Sunday 5 February, 2023
Reflection: "Salt and Light"
Salt and light are pretty ordinary things to us today, but you might look on them differently if you lived a few thousand years ago in Israel.
No refrigeration meant that their meat had to be salted to keep it for more than a day or two.
And once the sun went down, you only had dull candles and oil lamps by which to see.
Jesus says to his followers:
“You are the salt of the earth!
You are the light of the world!”
I’m sure he wasn’t talking about white granular crystals falling out of the disciples’ clothes as they walked around, or physical light, like a torch, beaming from their faces, but it was more about their presence flavouring the environment in which they lived and a personal light; the light of faith, hope and love.
The very light of God within us and radiating from us.
But wait a minute, did he say that we are the salt and light of the world?
That’s a pretty big call to make, because surely we can’t be that important, can we?
As we read in Paul’s words to the Corinthian church, gifts such as these come from God, not man, and are bestowed on us through the spirit.
“Let your light so shine before others, that they may see your good deeds, and give glory to God in heaven.”
Well, does the light shine through us?
Do we add flavour to the lives of others and do our lives give glory to God?
I’m not trying to verbally box anyone about the ears with accusations about their failure to be the light of the world.
I’m not trying to kick start anyone into freely doing more Christian things.
(that is: “Christ-ian”, of the family of Christ, or Christ-like).
I’m pretty sure that you, like me, have plenty of room for improvement.
But I’m not seeking to take any of us on a guilt trip.
There’s a much healthier and more faithful direction for us to go when reading this message.
What Jesus actually said to his followers was: “You are the salt of the earth and the light of the world.”
You are - you are now.
Not - you could be or should be.
Not - tidy up your act, stiffen your backbones and commence trying.
Not - maybe in ten years’ time, or if you work very hard, perhaps by the end of the year.
What our Lord said was more immediate, more of a gob-smacking surprise.
“By trusting the unexpected, un-earnable, grace of God, as it flows to you through my words and deeds, you are, right now – the salt and light of the world.”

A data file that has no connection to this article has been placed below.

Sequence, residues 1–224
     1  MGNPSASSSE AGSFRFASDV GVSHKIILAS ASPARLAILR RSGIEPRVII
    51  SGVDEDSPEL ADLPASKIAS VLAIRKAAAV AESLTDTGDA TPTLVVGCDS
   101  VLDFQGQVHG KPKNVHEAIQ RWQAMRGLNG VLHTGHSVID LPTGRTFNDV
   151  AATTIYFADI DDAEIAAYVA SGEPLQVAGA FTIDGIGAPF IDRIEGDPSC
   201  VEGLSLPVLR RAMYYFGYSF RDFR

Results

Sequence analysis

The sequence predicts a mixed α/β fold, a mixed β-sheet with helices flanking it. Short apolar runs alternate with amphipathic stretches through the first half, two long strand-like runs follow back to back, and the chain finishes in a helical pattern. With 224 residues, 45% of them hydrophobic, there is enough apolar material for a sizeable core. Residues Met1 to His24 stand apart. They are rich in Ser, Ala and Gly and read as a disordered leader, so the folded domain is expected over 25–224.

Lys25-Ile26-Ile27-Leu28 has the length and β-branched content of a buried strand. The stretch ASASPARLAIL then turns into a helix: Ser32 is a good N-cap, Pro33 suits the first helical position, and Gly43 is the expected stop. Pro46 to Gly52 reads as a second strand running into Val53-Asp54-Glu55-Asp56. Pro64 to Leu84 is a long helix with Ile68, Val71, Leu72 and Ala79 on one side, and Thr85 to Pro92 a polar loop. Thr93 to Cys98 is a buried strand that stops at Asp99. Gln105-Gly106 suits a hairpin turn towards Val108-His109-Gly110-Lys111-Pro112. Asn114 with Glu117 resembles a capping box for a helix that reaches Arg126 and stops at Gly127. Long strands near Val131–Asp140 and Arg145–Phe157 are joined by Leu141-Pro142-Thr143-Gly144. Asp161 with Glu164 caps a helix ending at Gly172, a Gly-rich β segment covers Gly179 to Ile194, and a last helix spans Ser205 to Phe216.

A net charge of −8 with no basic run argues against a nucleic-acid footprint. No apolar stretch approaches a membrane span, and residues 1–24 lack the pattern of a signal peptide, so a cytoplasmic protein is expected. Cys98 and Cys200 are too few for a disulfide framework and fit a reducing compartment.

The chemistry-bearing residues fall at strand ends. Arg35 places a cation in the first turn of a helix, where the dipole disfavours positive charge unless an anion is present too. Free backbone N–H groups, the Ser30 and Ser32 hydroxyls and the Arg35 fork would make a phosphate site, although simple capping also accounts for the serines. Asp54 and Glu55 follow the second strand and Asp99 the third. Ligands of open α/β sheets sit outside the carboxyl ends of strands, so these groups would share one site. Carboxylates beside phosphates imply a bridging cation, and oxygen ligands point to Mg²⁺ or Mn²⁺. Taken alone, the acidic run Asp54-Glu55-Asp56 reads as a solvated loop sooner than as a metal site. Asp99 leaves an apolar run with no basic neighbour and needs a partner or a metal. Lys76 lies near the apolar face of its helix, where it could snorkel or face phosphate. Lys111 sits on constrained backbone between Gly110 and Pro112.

Though it’s not really our salt and light, but his, and it’s not by any of our strenuous efforts, but by the pure grace of God.
Jesus must have been like pepper up the noses of the religious authorities in ancient Israel.
They taught: If you keep all the laws and regulations of the Old Testament and observe the additional 613 by-laws that our rabbis have added - for your own good, of course. If you ritually wash and purify yourself each day, if you make the requisite sacrifices at the temple, and avoid any contact or fellowship with the despicable non-Jews, then.... just maybe, you may begin to be a little light in the darkness of the world.
Not so with Jesus, whose only requirement was for us to accept the free gift of love that God offers.
Simply to come as we are and just open your windows to the light, allowing it to touch even the dusty corners of our hearts and souls.
Then, without any question, we will show that we are the light of the world.
The salt and light of God are gifts to be lovingly accepted and cherished - then freely shared with others.
We might doubt that we’re capable of achieving this, but I can attest that we ARE all able to do whatever God asks of us.
Friends, take courage.
This is not a silly claim of mine that I’m repeating here.
It’s the claim of Jesus, of whom it was said: “He knew what was in the heart of men.”
As long as our lives remain open to his Spirit, we shall be, in spite of our confounded defects, the salt and light of the world.
The tiny bits of faith, hope and love that the grace of God has sown in our mind and heart, qualify us to be the bearers of the word of Christ Jesus – the Gospel.
For God’s sake, and for the sake of those around you, have more faith in the gift.
Don’t fall into the temptation of despising yourself and giving up.
After all, it’s God’s salt and God’s light, not your failings, that count.
Never yield to despair.
Christ is always greater than your darkness.
Christians like Peter, John, and Paul, Mary and Martha; and many other notable disciples, all had their failures on a grand scale, yet they were indeed beacons in a dark world.
There’s only one thing that can prevent the light of Christ from shining through us and that’s if we choose to hide it.
To be a secret Christian is not a valid option - we need to share it or lose it.
God won’t withdraw the light, but because he gave us free will, we can choose to cover it up.
Should we choose to do this, maybe like putting a bucket over a candle, then the light, starved of oxygen, will decline to a flicker, then degenerate to acrid smoke, smoulder a while and then grow cold.
We have to choose - do we want to put out God’s light?
The grace of God comes to us, undiluted and free.
But, like that forsaken man hanging on the cross, grace is not impervious to human rejection.
So would you rather be a strong, salty taste, or an insipid tasteless being?
A bright light, shining for God, or a tiny candle, tucked safely under a bucket, who’s about to be snuffed out when the oxygen runs out.
Keep your saltiness pure and beam your light into the world.
Get out there and tell others about the gospel of Jesus and then you truly will be the salt and light of God.
Vaya con Dios………….Pastor Rick
Lena Beryl Blok
4/2/2023 09:16:39 am
Thank you Rick for this challenging message. How important it is to let our light shine for Jesus.
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